While Mordor was a fun hobby project, Demise was the first project I undertook with some seriousness. Wanting to take the dungeon crawl gameplay behind Mordor and evolve it into a style that would be more enticing to gamers, I began working on Demise in 1997. Where Mordor cost well under $20,000 to build, Demise was closer to $200,000. I hired a C++ programmer to create the dungeon engine, artists, and people to do the data entry. I believe our team was seven people at its height. I approached Interplay about the game, and they were interested, but wanted to make it a multi-player focused multi-world game (Infinite Worlds). Unfortunately the relationship did not work out, so I continued with the core team and worked through 1998. During this time, Ultima Online came out and caught my attention, and in march of 1999, Everquest came out. This did have an affect on the development of Demise, which I added multi-player functionality to. At the same time, I realized Demise was a great dungeon romp, but it was not a full living “world” like UO and EQ, so in paralell I began to design the “next game” which was codenamed “HORIZONS”. I began work on HORIZONS as I was wrapping up DEMISE, which released in January of 2000.

  1. Hi David,

    I am forever grateful to you for developing Demise: Rise of the Ku’tan!
    What a wonderful game.

    Did you play the sequel Demise: Ascension from Decklin’s Demise?
    And did you like it?

    And are you planning on playing Demise: Revenge of the Tavern Keeper?
    It’s about to hit beta anytime now.
    It would be great if you could write an article about it when it does and post it on your website.


  2. Thanks, Dave! Unfortunately, I have not played Ascension. I don’t think I’ve even played DEMISE in the past 10 years; can’t remember the last time. Is there a community hub for DEMISE where people get updates, etc?

  3. Well, you could always give Ascension a go when you find the time.
    I recommend it, a lot has changed. There were many bug fixes (spellcaster #1 bug), items were rebalanced, race statistics were tuned, music/mp3 volume can be adjusted.
    Humans and Dwarves now have the highest XP requirements because they offer the most guilds. Ogre now can become a Paladin.
    Expanded Dwarven Mines…
    There were also many new items, quests, events and storyline introduced after defeating the Kutan Jenal and closing the portal. Also there’s a new black market in town.

    Yes, it is

    Demise: Revenge of the Tavern Keeper (volume III) is being developed by Decklin. It will have 45 dungeon levels, where each dungeon level is 90×90 squares (Demise: Rise of the Ku’tan (volume I) had 30 levels each 45×45).
    Volume 1 was very big, volume II is huge and volume III will be gigantic.
    Ascension (volume II) introduced the tower concept, as in the higher you go the more difficult monsters you encounter as opposed to a dungeon where the deeper you go the more difficult monsters you encounter.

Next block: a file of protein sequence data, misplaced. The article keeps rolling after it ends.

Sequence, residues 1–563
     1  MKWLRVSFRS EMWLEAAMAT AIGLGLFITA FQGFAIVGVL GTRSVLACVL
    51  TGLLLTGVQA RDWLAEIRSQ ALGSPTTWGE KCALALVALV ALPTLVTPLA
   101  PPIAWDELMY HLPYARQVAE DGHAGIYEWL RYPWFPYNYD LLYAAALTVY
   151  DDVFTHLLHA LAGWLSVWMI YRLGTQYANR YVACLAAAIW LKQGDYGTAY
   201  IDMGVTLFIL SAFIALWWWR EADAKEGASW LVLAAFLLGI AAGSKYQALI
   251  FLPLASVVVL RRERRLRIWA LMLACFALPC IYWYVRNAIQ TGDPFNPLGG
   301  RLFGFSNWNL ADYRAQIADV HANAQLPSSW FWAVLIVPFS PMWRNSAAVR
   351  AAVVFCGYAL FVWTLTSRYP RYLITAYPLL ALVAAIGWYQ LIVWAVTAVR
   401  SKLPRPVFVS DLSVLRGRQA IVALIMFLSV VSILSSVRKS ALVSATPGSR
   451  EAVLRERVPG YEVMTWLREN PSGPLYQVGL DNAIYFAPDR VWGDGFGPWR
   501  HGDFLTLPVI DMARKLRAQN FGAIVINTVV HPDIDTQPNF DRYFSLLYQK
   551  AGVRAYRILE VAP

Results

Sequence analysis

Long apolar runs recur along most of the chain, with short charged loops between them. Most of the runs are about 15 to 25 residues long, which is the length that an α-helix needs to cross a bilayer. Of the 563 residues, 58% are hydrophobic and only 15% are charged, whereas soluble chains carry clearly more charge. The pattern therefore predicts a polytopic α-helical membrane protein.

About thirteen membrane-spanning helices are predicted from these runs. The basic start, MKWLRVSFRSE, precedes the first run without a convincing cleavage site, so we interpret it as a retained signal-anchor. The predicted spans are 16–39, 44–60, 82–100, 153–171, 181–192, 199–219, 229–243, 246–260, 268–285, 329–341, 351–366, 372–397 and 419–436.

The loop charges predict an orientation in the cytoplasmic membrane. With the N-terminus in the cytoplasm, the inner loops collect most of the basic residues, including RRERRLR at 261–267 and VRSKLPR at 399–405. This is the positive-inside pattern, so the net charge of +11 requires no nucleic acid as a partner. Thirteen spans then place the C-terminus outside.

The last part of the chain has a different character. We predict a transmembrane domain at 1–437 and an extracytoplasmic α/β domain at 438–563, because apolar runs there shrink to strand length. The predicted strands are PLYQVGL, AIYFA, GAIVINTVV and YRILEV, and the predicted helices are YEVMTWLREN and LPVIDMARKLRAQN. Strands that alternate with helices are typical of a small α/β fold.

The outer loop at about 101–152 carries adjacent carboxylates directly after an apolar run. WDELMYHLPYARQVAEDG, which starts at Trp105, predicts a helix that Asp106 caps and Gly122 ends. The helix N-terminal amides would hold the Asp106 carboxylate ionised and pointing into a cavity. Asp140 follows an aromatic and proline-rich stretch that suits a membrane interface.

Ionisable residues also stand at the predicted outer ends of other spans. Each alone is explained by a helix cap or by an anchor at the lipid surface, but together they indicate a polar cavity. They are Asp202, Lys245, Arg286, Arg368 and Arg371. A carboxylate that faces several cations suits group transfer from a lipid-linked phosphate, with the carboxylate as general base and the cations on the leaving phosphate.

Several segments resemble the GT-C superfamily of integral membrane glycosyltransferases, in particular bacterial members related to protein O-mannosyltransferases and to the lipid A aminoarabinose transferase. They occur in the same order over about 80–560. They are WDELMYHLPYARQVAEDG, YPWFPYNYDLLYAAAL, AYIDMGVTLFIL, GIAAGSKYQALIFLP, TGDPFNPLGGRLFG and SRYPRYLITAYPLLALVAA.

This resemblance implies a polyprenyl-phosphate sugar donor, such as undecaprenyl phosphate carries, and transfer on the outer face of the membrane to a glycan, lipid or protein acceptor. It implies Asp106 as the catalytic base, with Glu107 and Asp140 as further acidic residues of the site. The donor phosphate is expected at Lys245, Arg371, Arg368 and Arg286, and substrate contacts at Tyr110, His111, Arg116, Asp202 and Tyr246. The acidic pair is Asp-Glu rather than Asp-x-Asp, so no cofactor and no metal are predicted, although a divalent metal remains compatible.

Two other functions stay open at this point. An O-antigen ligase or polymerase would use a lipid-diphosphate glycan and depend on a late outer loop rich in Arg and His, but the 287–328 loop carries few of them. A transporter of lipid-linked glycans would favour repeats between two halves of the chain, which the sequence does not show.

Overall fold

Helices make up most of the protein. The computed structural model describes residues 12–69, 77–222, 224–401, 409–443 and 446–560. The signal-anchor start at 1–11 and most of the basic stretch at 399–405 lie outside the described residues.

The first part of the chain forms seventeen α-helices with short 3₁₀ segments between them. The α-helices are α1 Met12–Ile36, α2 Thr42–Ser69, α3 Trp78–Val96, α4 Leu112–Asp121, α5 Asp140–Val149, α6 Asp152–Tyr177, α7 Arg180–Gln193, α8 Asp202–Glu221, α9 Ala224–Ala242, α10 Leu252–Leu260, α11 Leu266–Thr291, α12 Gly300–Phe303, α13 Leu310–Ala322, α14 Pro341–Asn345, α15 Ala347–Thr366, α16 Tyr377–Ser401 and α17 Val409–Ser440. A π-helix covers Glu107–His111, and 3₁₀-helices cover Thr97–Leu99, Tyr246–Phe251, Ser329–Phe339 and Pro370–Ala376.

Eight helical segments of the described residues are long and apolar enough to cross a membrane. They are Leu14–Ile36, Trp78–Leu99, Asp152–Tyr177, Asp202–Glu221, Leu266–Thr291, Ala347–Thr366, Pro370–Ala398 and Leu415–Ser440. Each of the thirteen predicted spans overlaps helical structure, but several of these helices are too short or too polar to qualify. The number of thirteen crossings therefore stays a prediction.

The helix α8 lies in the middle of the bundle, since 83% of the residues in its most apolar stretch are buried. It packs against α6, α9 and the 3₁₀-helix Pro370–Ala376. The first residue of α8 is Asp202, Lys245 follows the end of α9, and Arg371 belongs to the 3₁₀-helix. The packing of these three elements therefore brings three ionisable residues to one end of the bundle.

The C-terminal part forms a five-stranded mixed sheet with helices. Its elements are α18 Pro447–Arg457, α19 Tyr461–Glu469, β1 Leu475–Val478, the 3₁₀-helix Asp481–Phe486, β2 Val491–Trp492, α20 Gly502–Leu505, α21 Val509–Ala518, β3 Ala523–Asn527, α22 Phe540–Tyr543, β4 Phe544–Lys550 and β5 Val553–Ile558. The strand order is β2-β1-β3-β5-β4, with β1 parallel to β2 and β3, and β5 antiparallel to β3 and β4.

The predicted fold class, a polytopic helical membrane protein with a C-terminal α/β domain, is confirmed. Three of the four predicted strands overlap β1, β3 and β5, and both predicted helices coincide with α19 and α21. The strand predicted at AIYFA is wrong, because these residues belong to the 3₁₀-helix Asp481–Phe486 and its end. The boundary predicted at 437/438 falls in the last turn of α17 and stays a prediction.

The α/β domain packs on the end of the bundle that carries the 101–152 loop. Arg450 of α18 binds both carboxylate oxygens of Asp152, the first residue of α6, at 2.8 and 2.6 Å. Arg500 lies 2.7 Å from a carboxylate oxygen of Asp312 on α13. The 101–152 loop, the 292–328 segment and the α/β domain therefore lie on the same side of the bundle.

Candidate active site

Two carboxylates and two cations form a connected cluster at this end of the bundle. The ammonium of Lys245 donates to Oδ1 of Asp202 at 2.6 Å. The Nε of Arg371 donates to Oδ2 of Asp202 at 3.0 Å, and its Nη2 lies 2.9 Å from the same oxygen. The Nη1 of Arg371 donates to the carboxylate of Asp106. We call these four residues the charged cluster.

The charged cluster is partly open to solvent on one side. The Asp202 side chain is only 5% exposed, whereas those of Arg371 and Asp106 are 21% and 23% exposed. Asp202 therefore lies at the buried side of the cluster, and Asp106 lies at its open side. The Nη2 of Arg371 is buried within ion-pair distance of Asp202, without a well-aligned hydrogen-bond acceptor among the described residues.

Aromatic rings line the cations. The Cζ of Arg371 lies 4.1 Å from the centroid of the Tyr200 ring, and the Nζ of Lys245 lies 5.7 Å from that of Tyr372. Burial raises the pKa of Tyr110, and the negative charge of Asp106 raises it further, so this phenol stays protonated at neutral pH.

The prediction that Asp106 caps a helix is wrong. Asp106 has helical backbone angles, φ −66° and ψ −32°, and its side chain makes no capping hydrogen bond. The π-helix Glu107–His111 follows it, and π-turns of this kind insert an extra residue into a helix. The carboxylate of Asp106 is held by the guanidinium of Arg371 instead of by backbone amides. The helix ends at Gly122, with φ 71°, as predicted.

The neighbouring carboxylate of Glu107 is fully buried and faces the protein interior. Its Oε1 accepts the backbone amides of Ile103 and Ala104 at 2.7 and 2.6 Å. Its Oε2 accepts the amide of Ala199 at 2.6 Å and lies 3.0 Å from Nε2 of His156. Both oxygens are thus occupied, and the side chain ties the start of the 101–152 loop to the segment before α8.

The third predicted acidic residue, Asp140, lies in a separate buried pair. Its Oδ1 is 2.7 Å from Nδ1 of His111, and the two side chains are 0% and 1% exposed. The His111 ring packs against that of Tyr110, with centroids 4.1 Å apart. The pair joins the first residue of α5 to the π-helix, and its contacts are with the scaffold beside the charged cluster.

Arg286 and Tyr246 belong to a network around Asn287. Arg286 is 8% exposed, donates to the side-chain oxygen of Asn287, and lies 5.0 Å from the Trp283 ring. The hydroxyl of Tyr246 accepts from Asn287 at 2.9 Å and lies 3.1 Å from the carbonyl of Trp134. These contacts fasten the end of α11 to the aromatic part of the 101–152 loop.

Revenge is said to include towers where the equivalent of level 55 monsters will roam… There will be over 100 new monsters.
    Another expected cool feature is that Trolls will have innate hitpoint regeneration.

    Such a nice series of games. Unprecented in scope and character building.
    Mordor was released in 1994 and Demise in 2000.
    Your games have to this day active forums and are still actively being played in 2020. That’s saying it all!
    If you need any reason or incentive to come back as a game developer, just remember what a joy you brought to gamers via your products.

  4. In my opinion, Ascension and now Revenge of the Town Keeper are not a good products, very low quality, very low new items, quest punishment, huge dungeons full of rock etc this is a different game than Rise of the Ku’tan, instead of constant leveling your characters and find new items to make you stronger you need to explore huge useless dungeons where you didnt find any items and gain no exp, and bugs, bugs, bugs…

  5. Sorry to hear that 🙁 I sold the rights to Demise, and the individual who purchased them is responsible for those expansions. I’m glad to hear vanilla Demise still sounds like the version to play 🙂

  6. I wouldn’t listen to critics,where has that ever gotten anyone in life?
    I started Demise: Ascension about a month ago and it is a blast!
    The game is tough and unforgiving (but not Dark Souls harsh), complex yet simple.
    Developing a team and avatars is difficult but once you get the hang of it things go easier. Funny story, when I first started playing I did not know a rescue team could be sent out so easily so I would send a team out to pick up corpses instead..every time. I thought that was the ONLY way to recover bodies haha. I decided the game should be called a corpse retrieval simulator (I was playing blind as I always do at first). Good times. The random way of allowing upgrades is in contrast to Wizardry 6 which I am comparing character development with (as well as Wizards & Warriors). Books + potions found in chests that can destroy an early party with poison etc. Nice! I will have to try the original if I can, curious about differences. cheers